how to drop down the current of 18650 battery

Thread Starter

ifjdjrj

Joined Aug 17, 2020
4
hello
guys i want to modify a torch led light work with 3 AAA battery
to be rechargeable with an 18650
but the problem im facing when i connect the 3.7v 18650 battery
the led get so hot and start to melt (desoldering) ...
is there any way drop down maybe the current or i dont know
thank you
 

dl324

Joined Mar 30, 2015
12,209
Welcome to AAC!

If the battery compartment is long enough for an 18650 battery, it must have been designed to use one.

Are you certain it's the LEDs causing it to get hot? Do you have a spacer to center the button on the battery with the anode contact?

Is it a cheap flashlight that depends on the series resistance of the AAA batteries to limit current?
 

Thread Starter

ifjdjrj

Joined Aug 17, 2020
4
Welcome to AAC!

If the battery compartment is long enough for an 18650 battery, it must have been designed to use one.

Are you certain it's the LEDs causing it to get hot? Do you have a spacer to center the button on the battery with the anode contact?

Is it a cheap flashlight that depends on the series resistance of the AAA batteries to limit current?
thank you so much

well iv tried with an NICD bettery 4.2v or 4.7 i dnt really remaber exactly
it work perfect but the light its not so bright

iv tried a powerbank charging board connected to the 18650 battery to charge it and use the usb port as load for the led light but it get hotter
if i plug it to a 5v 2000mah wall charger it get hoter also .

the problem that NICD battery its kinda dead and doesn't keep charge for a long time
it discharge quickly
i hope that iv explain well
and sorry for my english
 

dl324

Joined Mar 30, 2015
12,209
The NiCD cells were probably weak and couldn't source enough current to cause a problem.

How much current is the flashlight drawing when it's getting hot? Can you experiment with a power supply and monitor how the current changes with voltage? Once you find a voltage that works, you can work on reducing the voltage from the 18650 battery.
 

Audioguru again

Joined Oct 21, 2019
2,353
The designer of your "torch" probably used Ohms Law to calculate the value of a suitable series resistor to reduce the CURRENT.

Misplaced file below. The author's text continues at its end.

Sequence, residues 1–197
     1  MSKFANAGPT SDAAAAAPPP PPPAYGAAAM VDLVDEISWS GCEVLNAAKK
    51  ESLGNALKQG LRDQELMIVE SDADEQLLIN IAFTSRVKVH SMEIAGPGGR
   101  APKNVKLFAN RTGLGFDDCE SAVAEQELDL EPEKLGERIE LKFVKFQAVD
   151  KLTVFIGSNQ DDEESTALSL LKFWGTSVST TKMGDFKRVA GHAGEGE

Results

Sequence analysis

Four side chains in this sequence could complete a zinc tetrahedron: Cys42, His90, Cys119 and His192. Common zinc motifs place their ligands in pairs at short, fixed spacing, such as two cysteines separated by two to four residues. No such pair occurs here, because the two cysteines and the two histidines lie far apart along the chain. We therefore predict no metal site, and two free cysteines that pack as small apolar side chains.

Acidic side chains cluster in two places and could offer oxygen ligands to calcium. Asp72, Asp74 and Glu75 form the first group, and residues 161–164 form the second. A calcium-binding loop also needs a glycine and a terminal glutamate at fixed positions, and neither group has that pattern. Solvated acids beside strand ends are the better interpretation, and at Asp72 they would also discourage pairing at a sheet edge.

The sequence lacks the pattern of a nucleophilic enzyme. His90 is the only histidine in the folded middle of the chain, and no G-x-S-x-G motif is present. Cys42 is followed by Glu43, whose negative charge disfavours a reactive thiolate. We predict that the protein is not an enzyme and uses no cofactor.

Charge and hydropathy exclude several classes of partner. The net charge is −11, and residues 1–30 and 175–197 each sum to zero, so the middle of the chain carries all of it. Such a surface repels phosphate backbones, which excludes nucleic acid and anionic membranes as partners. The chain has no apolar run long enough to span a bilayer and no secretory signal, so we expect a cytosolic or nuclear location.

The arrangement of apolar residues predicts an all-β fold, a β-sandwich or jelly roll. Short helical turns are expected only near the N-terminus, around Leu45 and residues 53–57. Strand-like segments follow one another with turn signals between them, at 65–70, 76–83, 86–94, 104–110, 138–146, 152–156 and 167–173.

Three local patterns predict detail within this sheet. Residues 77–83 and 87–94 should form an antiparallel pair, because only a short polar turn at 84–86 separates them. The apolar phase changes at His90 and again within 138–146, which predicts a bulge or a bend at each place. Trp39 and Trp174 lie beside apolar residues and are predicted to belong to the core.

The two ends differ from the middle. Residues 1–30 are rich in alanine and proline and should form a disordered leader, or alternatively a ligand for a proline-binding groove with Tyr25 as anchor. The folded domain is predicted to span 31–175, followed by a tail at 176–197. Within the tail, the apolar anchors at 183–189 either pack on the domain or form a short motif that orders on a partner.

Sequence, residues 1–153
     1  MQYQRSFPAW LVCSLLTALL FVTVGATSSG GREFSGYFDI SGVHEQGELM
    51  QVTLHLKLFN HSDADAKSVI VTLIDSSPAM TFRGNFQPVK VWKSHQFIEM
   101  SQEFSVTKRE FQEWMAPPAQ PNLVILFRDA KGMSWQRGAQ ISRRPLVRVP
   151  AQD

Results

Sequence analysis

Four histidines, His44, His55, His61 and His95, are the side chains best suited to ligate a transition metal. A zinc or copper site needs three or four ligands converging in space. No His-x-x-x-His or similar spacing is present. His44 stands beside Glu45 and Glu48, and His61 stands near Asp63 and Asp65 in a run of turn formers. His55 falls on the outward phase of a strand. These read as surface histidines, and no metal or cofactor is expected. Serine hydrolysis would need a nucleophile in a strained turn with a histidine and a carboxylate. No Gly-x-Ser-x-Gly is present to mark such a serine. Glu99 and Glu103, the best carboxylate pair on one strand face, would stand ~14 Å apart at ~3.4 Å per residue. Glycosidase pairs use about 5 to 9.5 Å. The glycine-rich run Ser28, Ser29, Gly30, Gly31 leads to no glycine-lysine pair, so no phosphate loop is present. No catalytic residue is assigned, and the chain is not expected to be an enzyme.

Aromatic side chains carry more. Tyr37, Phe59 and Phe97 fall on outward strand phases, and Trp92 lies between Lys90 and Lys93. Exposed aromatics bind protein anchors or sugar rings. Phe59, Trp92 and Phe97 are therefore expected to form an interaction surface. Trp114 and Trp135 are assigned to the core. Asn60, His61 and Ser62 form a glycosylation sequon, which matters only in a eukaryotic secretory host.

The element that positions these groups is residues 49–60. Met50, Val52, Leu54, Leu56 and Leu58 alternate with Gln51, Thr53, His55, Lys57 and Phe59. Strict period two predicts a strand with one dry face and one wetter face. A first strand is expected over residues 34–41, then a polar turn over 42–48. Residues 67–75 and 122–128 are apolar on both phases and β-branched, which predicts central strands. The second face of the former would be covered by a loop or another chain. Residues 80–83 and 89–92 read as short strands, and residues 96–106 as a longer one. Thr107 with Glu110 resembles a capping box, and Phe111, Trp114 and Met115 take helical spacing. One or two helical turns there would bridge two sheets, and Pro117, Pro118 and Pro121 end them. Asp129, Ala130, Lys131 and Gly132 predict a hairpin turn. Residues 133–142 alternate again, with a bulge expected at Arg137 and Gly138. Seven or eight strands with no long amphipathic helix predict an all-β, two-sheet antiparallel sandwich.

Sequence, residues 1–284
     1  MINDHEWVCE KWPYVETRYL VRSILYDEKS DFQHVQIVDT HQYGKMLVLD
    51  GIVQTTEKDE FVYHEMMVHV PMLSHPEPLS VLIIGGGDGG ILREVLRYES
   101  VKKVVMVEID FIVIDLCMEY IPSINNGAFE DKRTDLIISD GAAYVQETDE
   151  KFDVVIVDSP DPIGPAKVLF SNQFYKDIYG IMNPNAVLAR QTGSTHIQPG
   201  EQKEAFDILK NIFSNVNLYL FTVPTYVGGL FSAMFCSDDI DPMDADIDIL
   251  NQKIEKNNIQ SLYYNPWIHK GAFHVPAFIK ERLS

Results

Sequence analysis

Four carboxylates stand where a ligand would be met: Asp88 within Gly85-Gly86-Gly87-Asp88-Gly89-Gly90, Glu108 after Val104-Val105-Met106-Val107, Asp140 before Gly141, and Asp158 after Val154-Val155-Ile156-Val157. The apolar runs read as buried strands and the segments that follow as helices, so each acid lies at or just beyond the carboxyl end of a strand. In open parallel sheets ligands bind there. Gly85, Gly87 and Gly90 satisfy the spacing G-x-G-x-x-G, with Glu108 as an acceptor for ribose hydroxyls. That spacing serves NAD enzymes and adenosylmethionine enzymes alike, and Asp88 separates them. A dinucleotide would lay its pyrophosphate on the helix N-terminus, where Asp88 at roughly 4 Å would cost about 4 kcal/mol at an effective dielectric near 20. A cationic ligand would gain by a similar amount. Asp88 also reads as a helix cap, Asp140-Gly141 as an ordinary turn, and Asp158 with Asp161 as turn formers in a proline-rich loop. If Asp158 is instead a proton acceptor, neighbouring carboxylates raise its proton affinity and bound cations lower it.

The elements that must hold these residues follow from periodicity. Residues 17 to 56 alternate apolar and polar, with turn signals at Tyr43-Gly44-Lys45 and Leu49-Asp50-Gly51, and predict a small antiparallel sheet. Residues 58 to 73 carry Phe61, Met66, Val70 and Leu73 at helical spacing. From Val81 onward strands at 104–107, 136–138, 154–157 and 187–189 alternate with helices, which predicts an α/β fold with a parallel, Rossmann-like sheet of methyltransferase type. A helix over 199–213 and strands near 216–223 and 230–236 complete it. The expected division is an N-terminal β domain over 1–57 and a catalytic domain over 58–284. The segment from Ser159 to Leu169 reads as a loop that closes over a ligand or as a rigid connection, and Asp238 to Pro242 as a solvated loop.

Ordinary throw away battery cells are 1.5V each so three produce 4.5V with no load. Their quality determines the max current and the resistor in the torch reduces the max current.
NiCAD cells are only 1.25V each so three produce 3.75V, then your torch is dim.
A 18650 is a Lithium 4.2V cell so the LED current is way too high and makes a lot of heat. Calculate the value of a suitable series current-limiting resistor.

Some cheap torches have no series resistor. They use the series resistance of a cheap battery to limit the current.
 

Thread Starter

ifjdjrj

Joined Aug 17, 2020
4
The designer of your "torch" probably used Ohms Law to calculate the value of a suitable series resistor to reduce the CURRENT.
Ordinary throw away battery cells are 1.5V each so three produce 4.5V with no load. Their quality determines the max current and the resistor in the torch reduces the max current.
NiCAD cells are only 1.25V each so three produce 3.75V, then your torch is dim.
A 18650 is a Lithium 4.2V cell so the LED current is way too high and makes a lot of heat. Calculate the value of a suitable series current-limiting resistor.

Some cheap torches have no series resistor. They use the series resistance of a cheap battery to limit the current.
this is some image of the led and circuit board
 

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